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Chasm of Doom, searching for the search party

Tonight I start The Chasm Of Doom, the fourth of the Lone Wolf series.

I’ll be using the character which survived the Caverns of Kalte. I have a full backpack of food left from my journey to Kalte, 17 combat, and 20 for endurance. This character is your classic ranger: sixth sense and tracking, camouflage, and talking to animals, and shorts word proficiency and mindblast to buff up in a fight.

It seems that a wagon full of gold has gone missing. The king sent his army, but the army vanished. So let’s send a small group of rangers to do but the entire army could not. Typical.

As we’re traveling through the amber waves of grain, with no idea where to start looking, we come across a hut in which a strange man reads me a poem.

Further along the road, we come across a performance troupe who invites us to camp with them for the night. It’s our job to protect our subjects, and they might know something, so we take them up on it. During the night, I find Captain D’Val’s sword! The performer who has it says that he didn’t know it was stolen, and tells us that he bought it at a tavern in Eshnar. I’m inclined to believe him, so I take the sword and move on.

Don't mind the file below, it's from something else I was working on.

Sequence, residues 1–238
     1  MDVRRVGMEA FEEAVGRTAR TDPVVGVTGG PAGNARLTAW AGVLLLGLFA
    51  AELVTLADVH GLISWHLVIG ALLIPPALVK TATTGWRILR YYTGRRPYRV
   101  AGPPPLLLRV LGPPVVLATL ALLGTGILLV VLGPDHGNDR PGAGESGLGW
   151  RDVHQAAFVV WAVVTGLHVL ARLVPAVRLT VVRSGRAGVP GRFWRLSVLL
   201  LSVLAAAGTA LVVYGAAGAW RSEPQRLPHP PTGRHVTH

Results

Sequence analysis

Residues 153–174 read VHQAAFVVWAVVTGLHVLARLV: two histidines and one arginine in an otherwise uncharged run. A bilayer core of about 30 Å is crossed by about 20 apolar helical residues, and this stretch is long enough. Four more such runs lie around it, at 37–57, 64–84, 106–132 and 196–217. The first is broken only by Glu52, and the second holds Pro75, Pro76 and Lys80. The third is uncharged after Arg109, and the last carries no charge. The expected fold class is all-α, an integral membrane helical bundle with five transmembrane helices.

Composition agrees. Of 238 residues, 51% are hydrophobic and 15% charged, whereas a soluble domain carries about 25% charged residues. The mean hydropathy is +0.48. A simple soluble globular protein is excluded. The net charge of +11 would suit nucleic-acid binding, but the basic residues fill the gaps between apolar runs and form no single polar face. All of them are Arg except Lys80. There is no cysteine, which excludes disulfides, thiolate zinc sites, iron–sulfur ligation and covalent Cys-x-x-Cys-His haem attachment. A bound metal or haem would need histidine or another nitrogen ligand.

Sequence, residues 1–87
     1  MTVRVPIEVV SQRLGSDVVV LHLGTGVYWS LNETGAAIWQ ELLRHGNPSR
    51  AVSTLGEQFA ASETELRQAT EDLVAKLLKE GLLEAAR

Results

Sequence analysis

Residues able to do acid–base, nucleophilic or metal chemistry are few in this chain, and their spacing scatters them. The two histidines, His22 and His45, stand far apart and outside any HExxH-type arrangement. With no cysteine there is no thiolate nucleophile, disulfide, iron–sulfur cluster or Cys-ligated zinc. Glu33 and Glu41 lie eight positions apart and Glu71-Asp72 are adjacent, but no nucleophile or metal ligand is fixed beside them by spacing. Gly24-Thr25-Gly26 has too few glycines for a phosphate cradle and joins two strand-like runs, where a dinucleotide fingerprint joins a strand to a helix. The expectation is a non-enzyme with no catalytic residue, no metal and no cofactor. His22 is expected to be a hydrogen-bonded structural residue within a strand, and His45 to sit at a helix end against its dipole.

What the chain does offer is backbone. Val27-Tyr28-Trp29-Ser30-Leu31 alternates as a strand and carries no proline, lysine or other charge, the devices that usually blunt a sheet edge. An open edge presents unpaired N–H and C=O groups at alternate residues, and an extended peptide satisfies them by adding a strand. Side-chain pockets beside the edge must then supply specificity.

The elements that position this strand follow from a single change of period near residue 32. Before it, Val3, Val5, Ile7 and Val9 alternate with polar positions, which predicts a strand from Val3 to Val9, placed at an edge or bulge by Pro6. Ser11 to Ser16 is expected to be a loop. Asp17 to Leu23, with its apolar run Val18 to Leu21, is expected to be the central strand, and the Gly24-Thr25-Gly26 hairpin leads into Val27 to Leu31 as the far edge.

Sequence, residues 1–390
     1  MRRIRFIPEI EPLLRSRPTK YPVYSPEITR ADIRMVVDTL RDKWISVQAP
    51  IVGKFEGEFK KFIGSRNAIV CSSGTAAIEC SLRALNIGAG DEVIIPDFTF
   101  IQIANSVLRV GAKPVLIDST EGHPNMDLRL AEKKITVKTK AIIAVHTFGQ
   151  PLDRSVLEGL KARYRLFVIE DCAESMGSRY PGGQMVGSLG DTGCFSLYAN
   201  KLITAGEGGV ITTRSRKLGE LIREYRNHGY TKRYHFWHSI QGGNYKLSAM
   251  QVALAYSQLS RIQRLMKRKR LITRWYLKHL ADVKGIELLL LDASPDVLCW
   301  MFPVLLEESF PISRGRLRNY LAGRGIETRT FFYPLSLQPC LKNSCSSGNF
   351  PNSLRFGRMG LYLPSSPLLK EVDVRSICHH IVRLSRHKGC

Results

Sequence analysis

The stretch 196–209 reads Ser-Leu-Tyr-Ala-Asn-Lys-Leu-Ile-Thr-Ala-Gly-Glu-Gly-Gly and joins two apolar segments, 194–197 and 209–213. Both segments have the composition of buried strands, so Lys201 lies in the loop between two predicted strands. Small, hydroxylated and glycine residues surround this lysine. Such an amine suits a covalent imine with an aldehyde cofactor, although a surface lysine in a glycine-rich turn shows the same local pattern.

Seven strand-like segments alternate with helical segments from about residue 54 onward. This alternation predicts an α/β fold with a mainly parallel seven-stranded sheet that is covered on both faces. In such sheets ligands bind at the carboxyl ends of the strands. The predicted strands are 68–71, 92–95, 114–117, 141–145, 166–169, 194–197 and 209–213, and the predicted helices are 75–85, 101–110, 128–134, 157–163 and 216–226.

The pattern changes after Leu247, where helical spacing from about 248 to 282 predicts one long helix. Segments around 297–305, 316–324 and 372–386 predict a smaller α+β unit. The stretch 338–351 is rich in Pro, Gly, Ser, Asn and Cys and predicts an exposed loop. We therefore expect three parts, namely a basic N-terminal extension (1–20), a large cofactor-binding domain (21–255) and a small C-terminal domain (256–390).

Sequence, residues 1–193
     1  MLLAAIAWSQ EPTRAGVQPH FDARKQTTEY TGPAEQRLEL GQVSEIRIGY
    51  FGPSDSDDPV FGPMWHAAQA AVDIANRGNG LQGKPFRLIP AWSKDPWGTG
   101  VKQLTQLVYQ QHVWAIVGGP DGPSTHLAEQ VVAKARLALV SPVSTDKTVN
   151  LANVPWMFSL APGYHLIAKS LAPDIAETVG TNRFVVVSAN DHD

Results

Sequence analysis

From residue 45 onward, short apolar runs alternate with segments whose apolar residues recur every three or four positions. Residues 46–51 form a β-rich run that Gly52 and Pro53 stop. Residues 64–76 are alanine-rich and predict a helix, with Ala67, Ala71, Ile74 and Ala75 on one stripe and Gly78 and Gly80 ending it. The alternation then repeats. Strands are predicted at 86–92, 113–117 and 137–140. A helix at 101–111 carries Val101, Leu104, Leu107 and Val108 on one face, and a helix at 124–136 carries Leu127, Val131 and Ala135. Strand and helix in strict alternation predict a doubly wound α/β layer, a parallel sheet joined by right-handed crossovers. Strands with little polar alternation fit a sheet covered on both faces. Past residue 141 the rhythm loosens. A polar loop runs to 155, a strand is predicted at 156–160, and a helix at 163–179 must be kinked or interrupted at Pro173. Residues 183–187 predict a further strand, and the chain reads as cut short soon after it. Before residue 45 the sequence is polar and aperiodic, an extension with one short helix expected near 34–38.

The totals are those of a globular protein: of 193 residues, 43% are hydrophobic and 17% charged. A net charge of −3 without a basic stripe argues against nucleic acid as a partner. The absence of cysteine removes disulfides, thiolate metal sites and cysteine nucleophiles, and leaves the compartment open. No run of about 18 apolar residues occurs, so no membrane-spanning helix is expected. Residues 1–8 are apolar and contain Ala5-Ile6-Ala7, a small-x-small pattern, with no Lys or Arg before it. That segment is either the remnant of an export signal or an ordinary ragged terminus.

The next evening, we stop at a tavern, which has been reinforced and fortified. It seems they’ve been under attack by bandits lately. Again, it’s our job to protect our subjects, so we stay the night. The bandits do indeed attack, and I make that swashbuckling move of leaping out the upper story window through the roof of the stable, and killing the bandit in one stroke. Aww yeah!

On the third day, we find the turnoff to Eshnar. We head into town, and despite my sixth sense telling me that this is not a good place, I want to investigate that tavern where D’Val’s sword was sold. We are immediately ambushed, and in the fray I was killed in a cut scene.

Well, that’s too bad. At least it was bloody and in combat.

So far, I don’t have much impression of this book to make a judgment. So far we’ve just covered squalid prairie and fields.  But I didn’t make it that far, and have no idea what still lies ahead.

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First published September 26, 2017. Last updated December 15, 2020.